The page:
Background: Annually, 2.5 million Traumatic Brain Injuries (TBI) occur with nearly 75% classified as mild TBI (mTBI), also known as a concussion. Mild TBI can be subtle, and detection requires a high index of suspicion and a regimented evaluation process. This study was done to determine the proportion of patients, at high risk for an mTBI, who were evaluated for an mTBI at a high volume urban academic trauma center.
Methods: A prospective cross-section of patients was identified using a 3-question screen at the time of triage: did an injury occur; was the mechanism consistent with mTBI; and was there a period of altered mental status. Patients who screened positive were thought to meet a minimum threshold for the evaluation of mTBI. Information about mTBI specific evaluation, management, and education was obtained from the patient’s charts.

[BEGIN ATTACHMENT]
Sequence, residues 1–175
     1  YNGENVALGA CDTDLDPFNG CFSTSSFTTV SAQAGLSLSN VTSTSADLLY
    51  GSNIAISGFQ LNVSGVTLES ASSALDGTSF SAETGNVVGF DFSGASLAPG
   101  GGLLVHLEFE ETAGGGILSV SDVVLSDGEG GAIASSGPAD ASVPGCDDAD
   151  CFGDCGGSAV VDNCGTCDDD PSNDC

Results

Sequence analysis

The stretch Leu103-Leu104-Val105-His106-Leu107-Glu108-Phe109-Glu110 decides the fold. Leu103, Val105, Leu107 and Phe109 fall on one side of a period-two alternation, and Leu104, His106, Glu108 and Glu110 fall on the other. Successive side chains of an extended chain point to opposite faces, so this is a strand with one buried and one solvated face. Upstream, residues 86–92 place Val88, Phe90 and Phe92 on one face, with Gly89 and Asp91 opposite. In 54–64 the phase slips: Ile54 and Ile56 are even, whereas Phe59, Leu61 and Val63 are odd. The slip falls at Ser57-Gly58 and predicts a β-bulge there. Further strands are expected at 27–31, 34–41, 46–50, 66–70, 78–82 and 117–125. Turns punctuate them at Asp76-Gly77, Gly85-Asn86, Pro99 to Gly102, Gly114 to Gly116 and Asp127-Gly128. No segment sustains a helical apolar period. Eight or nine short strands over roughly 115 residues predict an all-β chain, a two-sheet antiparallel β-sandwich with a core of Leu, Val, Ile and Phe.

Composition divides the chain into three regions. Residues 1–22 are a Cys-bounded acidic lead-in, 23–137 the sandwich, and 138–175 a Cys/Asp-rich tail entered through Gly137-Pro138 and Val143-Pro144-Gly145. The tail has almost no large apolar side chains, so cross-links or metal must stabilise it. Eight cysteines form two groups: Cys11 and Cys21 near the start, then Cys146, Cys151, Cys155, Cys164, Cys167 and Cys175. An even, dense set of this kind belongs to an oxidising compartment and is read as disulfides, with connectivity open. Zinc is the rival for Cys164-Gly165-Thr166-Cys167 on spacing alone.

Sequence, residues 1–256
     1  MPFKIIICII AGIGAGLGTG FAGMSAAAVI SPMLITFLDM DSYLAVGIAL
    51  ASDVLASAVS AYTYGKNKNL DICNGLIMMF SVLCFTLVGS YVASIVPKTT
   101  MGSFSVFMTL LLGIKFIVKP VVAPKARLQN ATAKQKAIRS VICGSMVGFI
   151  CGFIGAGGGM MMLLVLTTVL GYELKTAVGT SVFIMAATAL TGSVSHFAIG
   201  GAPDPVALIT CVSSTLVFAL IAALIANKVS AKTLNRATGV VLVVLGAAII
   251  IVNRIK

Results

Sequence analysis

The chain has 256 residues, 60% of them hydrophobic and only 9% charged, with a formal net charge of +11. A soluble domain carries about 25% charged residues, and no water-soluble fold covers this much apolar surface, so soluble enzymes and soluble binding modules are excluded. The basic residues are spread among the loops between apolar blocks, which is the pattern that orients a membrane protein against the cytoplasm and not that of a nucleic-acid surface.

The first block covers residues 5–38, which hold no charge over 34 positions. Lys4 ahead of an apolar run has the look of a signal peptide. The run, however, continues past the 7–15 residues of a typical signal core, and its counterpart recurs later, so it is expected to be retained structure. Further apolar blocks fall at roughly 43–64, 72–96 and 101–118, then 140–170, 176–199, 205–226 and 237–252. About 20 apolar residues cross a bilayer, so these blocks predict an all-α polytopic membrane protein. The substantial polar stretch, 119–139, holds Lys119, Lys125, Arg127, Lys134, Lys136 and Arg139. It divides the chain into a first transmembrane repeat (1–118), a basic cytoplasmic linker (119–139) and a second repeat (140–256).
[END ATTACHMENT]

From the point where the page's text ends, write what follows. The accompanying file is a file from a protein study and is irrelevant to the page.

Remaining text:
Results: 38,621 patients were screened over 16 weeks, of whom 441(1.14%) were identified as being high risk for having an mTBI and met inclusion criteria. The most significant findings revealed that recommended portions of an mTBI specific evaluation occurred in fewer than 50% of the study population.In total, 98 were diagnosed with mTBI, and 49 received mTBI discharge instructions. Logistic modeling, for a subgroup of patients who had documented criteria sufficient for diagnosis, estimated that having isolated head injury increased a patient's odds of having a documented diagnosis by 2.1 times (95% CI 1.3 – 3.4).
Conclusions: Many patients with a possible mTBI did not have significant portions of an mTBI evaluation documented and roughly half of patients with a documented mTBI diagnosis did not receive discharge education. Changes in Emergency Medicine providers’ approach to mTBI must occur to increase the proportion of patients receiving an appropriate evaluation, management, and education.
Table of Contents
Specific Aims 9
Study Design and Setting 12
Selection of participants 13
Aim 1 19
Aim 2 20
Aim 3 20
Physical Exam and Management 21
Strengths and Limitations 22
TABLES AND FIGURES 32
About this Master's Thesis
|Committee Chair / Thesis Advisor
|An Under Appreciated Diagnosis: A Prospective Cross-Sectional Study Examining the Documented Evaluation and Management of Patients with a Possible Mild Traumatic Brain Injury at an Urban Level 1 Emergency Department ()
|2019-05-02 16:44:18 -0400